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Cooking out can be risky
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With warm weather comes lots of chances to enjoy the outdoors.
However safety experts urge consumers to take precautions when the outdoors is being used for food preparation.
The rule has long been to discard perishable foods that have remained at room temperature for two or more hours.
Outdoors in hot weather, however, the two-hour rule shrinks to one hour, according to information from Kansas State University Research and Extension.
“This shorter time frame applies to such perishable foods as meat or poultry sandwiches and salad. It applies when foods are left in direct sunlight or are outside when the temperature is 90 degrees or above.
Outdoor food safety tips include:
• Keep cold foods cold and hot foods hot.
• Avoid cross contamination. Keep raw foods separate from cooked foods.
• Use a food thermometer to test doneness on grilled meats and poultry. Grill hamburgers to 160 degrees F and chicken to 165 F.
•  Wash hands frequently with soap and warm water for at least 20 seconds, including before and after eating and after handling raw and cooked foods, after using the restroom, petting a dog or cat, etc. If water is unavailable, use a hand sanitizer product.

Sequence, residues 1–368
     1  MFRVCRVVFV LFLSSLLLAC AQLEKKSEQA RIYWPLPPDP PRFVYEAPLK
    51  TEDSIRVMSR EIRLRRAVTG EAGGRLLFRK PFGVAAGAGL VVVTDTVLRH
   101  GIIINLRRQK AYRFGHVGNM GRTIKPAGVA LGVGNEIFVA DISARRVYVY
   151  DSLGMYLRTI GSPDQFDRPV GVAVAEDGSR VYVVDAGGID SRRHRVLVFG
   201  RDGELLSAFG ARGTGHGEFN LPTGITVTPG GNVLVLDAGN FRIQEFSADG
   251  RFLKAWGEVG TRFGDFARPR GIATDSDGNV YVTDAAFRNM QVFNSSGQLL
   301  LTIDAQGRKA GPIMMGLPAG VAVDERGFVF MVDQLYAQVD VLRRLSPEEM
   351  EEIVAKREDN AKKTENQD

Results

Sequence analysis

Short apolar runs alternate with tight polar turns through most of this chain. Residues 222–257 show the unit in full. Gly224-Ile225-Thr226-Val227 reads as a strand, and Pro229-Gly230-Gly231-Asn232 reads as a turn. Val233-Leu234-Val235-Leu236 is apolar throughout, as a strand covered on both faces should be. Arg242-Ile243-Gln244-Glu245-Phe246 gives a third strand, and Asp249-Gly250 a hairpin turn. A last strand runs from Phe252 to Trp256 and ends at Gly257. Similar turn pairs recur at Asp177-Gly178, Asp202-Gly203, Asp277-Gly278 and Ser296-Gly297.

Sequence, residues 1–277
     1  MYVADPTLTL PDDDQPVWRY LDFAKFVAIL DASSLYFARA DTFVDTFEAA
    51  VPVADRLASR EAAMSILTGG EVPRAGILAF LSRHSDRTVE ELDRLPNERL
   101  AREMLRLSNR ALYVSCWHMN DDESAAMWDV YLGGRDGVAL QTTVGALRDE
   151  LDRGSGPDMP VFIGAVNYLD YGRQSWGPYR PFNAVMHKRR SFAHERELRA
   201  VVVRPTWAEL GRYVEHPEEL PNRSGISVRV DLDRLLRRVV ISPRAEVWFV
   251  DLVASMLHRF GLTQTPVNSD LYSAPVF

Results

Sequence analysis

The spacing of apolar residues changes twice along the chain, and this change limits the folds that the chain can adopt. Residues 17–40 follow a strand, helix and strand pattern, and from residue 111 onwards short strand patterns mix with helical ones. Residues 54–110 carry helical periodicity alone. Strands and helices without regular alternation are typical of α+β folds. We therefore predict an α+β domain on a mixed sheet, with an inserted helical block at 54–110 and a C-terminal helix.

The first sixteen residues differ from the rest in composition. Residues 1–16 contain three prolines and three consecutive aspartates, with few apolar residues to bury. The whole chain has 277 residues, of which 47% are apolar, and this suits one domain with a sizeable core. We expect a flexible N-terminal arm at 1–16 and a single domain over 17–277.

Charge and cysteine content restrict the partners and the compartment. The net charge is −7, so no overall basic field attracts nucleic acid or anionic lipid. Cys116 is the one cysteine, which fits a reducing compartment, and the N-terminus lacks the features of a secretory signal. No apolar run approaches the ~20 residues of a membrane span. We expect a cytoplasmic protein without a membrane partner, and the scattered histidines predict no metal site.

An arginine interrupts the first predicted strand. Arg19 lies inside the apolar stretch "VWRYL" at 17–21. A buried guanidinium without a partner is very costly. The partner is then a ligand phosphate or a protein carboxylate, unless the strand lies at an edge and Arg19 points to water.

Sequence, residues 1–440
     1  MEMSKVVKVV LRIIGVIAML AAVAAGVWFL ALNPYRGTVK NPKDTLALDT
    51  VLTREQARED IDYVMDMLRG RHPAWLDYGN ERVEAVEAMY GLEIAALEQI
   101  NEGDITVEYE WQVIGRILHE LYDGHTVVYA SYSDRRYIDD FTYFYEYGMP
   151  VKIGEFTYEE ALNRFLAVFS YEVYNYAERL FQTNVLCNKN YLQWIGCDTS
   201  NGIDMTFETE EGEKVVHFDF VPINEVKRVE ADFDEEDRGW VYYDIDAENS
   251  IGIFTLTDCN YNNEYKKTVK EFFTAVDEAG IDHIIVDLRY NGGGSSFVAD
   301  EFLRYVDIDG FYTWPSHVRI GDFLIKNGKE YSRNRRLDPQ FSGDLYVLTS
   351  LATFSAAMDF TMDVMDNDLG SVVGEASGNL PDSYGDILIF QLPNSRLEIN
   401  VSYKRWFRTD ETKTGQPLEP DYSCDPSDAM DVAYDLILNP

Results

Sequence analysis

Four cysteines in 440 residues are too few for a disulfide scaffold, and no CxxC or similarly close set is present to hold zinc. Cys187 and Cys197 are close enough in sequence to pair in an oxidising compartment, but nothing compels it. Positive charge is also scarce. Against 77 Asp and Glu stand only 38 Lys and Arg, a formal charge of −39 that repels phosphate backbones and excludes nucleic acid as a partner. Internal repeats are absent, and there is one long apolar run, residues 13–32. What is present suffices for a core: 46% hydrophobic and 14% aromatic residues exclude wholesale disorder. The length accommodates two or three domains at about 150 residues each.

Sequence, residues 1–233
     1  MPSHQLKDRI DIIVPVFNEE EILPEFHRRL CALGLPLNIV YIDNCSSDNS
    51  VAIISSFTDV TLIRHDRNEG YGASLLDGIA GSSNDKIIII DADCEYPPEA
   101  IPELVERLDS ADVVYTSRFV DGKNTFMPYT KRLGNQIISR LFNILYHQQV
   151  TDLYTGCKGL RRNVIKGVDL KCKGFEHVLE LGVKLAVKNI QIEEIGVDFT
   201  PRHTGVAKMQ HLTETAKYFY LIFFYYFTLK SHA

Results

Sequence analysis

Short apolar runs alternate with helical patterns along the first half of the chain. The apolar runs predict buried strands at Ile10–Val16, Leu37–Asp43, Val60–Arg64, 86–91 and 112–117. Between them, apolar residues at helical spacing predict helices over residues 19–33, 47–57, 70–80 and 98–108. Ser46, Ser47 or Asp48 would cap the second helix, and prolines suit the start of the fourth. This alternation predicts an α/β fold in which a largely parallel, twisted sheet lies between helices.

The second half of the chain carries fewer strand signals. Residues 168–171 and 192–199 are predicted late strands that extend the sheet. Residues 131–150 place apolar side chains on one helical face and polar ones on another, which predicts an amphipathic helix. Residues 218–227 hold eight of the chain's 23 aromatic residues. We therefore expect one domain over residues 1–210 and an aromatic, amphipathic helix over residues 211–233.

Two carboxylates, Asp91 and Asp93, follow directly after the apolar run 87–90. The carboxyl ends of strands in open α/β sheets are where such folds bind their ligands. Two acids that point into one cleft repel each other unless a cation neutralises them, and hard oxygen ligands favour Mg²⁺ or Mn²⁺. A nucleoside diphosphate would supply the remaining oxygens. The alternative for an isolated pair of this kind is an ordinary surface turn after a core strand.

When food is being prepared outdoors, there are other risks, besides the food itself and safety precautions should be taken with outdoor grills, too.
The following tips from the National Fire Data Center:
• Before using a grill, check the connection between the propane tank and the fuel line.
Make sure the venturi tubes — where the air and gas mix — are not blocked.
Believe it or not, spiders sometimes like to build webs in venturi tubes, blocking the air flow and making it impossible for the grill burner to light.
• Do not overfill the propane tank. 
• Do not wear loose clothing while cooking at a barbecue. 
• Be careful when using lighter fluid.
Do not add fluid to an already-lit fire because the flame can flash back up into the container and explode.
• Keep all matches and lighters away from children.
Teach children to report any loose matches or lighters to an adult immediately. Supervise children around outdoor grills. 
• Dispose of hot coals properly — douse them with plenty of water, and stir them to ensure that the fire is out.
Never place them in plastic, paper or wooden containers. 
• Never grill in enclosed areas — carbon monoxide could be produced.
If you move the grill into a garage in wet weather, make sure the doors are left open and the area is well ventilated. 
• Make sure everyone knows to “stop, drop and roll” in case a piece of clothing does catch fire.
Call 911 or your local emergency number if a burn warrants serious medical attention. 
Campfires should be safe, too:
• Build campfires where they will not spread, away from dry grass and leaves. 
• Keep campfires small, and don’t let them get out of hand. 
• Keep plenty of water and a shovel around to douse the fire when done. Stir it and douse it again with water. 
• Never leave campfires unattended